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3 - Microphone arrays and beamforming

Published online by Cambridge University Press:  05 July 2012

Iain McCowan
Affiliation:
Dev-Audio Pty Ltd, Australia
Steve Renals
Affiliation:
University of Edinburgh
Hervé Bourlard
Affiliation:
Idiap Research Institute
Jean Carletta
Affiliation:
University of Edinburgh
Andrei Popescu-Belis
Affiliation:
Idiap Research Institute, Martigny, Switzerland
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Summary

Introduction

A primary consideration when designing a room or system for meeting data capture is of course how to best capture audio of the conversation. Technology systems requiring voice input have traditionally relied on close-talking microphones for signal acquisition, as they naturally provide a higher signal-to-noise ratio (SNR) than single distant microphones. This mode of acquisition may be acceptable for applications such as dictation and single-user telephony, however as technology heads towards more pervasive applications, less constraining solutions are required to capture natural spoken interactions.

In the context of group interactions in meeting rooms, microphone arrays (or more generally, multiple distant microphones) present an important alternative to close-talking microphones. By enabling spatial filtering of the sound field, arrays allow for location-based speech enhancement, as well as automatic localization and tracking of speakers. The primary benefit of this is to enable non-intrusive hands-free operation: that is, users are not constrained to wear headset or lapel microphones, nor do they need to speak directly into a particular fixed microphone.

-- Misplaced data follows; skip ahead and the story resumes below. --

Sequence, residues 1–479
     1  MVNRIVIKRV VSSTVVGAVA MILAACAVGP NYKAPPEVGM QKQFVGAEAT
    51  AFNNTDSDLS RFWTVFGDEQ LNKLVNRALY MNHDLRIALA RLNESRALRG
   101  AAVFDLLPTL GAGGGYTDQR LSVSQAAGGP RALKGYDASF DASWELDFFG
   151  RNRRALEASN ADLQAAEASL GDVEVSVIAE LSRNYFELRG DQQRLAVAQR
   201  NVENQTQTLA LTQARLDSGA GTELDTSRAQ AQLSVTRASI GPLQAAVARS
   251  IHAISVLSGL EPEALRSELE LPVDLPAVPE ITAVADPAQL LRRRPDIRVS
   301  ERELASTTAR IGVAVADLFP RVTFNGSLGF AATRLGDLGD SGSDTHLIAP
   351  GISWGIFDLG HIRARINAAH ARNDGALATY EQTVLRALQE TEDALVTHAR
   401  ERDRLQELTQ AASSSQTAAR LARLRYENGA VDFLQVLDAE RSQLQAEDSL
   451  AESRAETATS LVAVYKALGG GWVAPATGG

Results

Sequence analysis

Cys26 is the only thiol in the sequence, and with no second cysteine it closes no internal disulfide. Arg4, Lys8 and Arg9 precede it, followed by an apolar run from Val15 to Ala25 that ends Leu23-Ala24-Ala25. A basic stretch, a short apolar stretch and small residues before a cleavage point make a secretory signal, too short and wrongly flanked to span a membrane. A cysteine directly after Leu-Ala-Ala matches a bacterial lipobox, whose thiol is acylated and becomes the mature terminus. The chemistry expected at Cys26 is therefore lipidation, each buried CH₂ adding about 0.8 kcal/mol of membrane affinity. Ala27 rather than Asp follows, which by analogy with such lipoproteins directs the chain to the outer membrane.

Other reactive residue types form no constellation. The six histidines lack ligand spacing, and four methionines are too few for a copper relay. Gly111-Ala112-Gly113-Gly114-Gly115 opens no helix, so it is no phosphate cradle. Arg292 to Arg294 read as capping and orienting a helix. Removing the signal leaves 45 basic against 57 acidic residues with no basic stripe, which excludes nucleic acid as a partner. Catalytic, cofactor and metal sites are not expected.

Beyond just being a front-end voice enhancement method for automatic speech recognition, the audio localization capability of arrays offers an important cue that can be exploited in systems for speaker diarization, joint audio-visual person tracking, analysis of conversational dynamics, as well as in user interface elements for browsing meeting recordings.

For all these reasons, microphone arrays have become an important enabling technology in academic and commercial research projects studying multimodal signal processing of human interactions over the past decade (three examples of products are shown in Figure 3.1).

Type
Chapter
Information
Multimodal Signal Processing
Human Interactions in Meetings
, pp. 28 - 39
Publisher: Cambridge University Press
Print publication year: 2012

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